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Style Advice

Your guide to tennis style

Your guide to tennis style

Although being quite the trend right now, tennis style has been turned to by those in fashion since, well, players have been whacking a ball around. And with Wimbledon just around the corner, this is the perfect time to brush up on your tennis style knowledge – even if you've never picked up a racquet in your life. 

“At first glance, tennis might not be the obvious choice to draw inspiration from,” says stylist Toby Standing. “But, when you dig a little deeper, some of the most iconic pieces in menswear have a solid place in your average tennis getup.” And with that said, let’s get into it. 

The history of tennis style

No surprises here, the history of tennis style begins with, you guessed it, tennis players. The game grew popular in Victorian England, and the clothing always seemed to match the fashions of the time (kind of like it still does now). Player Bill Tilden is widely known as the first male fashion icon, leading many to emulate his style of dress on (and off) the court. Then came Henry Austin who decided to ditch the flannel trousers and step out in a pair of shorts instead, which of course revolutionized the sporty style all together. 

It wasn’t until the ‘70s when a little bit of colour got introduced – not much, just a hint of pastel. It was mostly due to the spectators complaining that the all-white ensembles made it harder to distinguish between players. Oh, and this is when headbands became a thing too, which both Björn Borg and John McEnroe were huge fans of. 

From the ‘90s onwards, tennis style has remained more than a professional exclusive or an easy-to-ace Halloween costume. Iconic brands like Fred Perry and Lacoste are staples in most men’s (and women’s for that matter) wardrobes all-year-round, so if you’ve not already invested in the aesthetic, we think it’s about time you did.

How to incorporate tennis style into your everyday 


Photographed: Adidas Stan Smith Vegan (£99)

“Probably the easiest way to incorporate tennis style into your everyday is with your footwear,” Toby says. And what better way to do so than with the iconic Stan Smiths. Originally named after French tennis player Robert Haillet, the low-top, white trainer from Adidas took on the moniker ‘Stan Smith’ in the mid ‘70s and has continued to skyrocket since then. And the universal appeal of the trainer really does know no bounds, with the classic shoe being the subject of numerous collaborations including with iconic Belgian designer Raf Simons and more recently, Kermit the Frog.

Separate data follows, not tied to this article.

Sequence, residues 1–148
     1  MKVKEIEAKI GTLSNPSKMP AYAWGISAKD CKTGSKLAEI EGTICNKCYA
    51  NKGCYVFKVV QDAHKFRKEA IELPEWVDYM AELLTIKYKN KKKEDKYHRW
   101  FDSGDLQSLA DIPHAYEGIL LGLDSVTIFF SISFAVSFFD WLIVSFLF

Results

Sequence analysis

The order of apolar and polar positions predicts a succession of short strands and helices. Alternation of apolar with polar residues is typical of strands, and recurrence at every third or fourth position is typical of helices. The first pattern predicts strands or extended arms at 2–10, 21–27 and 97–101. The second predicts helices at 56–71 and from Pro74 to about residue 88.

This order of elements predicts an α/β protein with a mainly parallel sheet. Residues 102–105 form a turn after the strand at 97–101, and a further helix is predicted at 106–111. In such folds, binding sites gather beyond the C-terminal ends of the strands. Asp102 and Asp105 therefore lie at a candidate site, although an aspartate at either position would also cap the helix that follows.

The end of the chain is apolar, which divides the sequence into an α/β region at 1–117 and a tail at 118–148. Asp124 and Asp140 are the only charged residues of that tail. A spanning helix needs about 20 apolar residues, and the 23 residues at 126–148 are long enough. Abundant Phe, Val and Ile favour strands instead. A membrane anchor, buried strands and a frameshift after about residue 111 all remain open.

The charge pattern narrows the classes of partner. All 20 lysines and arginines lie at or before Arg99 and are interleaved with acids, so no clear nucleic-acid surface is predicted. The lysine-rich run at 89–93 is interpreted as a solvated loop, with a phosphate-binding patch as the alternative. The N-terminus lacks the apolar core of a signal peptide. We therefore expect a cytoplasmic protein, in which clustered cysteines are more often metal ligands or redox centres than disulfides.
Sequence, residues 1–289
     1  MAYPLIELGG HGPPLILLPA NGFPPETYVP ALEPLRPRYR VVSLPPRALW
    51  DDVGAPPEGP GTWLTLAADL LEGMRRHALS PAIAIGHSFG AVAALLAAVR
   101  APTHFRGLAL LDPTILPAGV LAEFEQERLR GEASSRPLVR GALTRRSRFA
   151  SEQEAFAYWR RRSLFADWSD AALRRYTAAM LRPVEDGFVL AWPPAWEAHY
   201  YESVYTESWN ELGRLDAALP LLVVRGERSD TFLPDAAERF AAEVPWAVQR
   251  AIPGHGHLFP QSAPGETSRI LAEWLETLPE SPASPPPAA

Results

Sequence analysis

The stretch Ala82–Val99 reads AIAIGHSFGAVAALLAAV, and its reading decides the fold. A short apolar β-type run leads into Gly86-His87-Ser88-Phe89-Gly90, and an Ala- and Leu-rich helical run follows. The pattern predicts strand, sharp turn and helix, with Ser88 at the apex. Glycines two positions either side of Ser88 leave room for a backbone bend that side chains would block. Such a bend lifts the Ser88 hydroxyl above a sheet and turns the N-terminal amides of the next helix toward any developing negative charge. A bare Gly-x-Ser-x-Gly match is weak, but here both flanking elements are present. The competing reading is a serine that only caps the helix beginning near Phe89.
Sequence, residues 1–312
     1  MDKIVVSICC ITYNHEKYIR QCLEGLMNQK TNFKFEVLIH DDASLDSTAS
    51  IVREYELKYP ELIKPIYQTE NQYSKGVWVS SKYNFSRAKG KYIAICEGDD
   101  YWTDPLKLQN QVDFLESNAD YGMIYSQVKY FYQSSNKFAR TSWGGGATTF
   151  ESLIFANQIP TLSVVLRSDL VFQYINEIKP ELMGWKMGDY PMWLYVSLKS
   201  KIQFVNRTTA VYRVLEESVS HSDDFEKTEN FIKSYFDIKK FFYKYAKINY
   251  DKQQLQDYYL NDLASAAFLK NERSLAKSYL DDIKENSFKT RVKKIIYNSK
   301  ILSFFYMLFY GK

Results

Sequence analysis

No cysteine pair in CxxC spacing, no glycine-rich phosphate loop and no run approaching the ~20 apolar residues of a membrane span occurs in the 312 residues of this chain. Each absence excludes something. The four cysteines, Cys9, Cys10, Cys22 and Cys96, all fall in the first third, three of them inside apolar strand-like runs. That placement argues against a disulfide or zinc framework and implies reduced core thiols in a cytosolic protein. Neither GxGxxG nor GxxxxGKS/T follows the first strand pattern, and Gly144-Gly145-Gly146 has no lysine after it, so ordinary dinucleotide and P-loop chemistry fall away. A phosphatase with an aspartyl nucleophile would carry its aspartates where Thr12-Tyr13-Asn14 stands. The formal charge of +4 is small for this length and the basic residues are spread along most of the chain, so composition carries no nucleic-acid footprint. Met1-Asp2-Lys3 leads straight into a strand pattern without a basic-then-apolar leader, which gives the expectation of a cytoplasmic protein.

Summer knits

Photographed: Corridor Washed Cotton Cardigan (£165)

Whether it be Roger Federer in an opulent cardigan or John Newcombe in a knit vest, “another great style lesson we can learn from the players is the versatility of the summer knit.” These are a great way to layer up in the warmer months and pair well with any sort of short, so you’ll don’t have to worry about feeling too warm. Plus, they’re just a subtle nod to the trend whereby you won’t look like you’re actually going to spend the afternoon on the courts, you’ll just look like you know a thing or two about the game.


Photographed: Fred Perry M3600 (£65)

We’re quite the advocates for polos here at Thread – read here for how to pull them off. And of course, they’re completely reminiscent of tennis style, according to Toby “it’s the most iconic item to come out of sport.” The best part is not only are they a great way to embrace the trend in 2021; they truly are timeless and will always be a strong-worker in your wardrobe. “They’re perfect for this time of year when you want something a little dressed-up but still just as comfy as a t-shirt.”

Words: Yasmine Kennedy
Styling: Toby Standing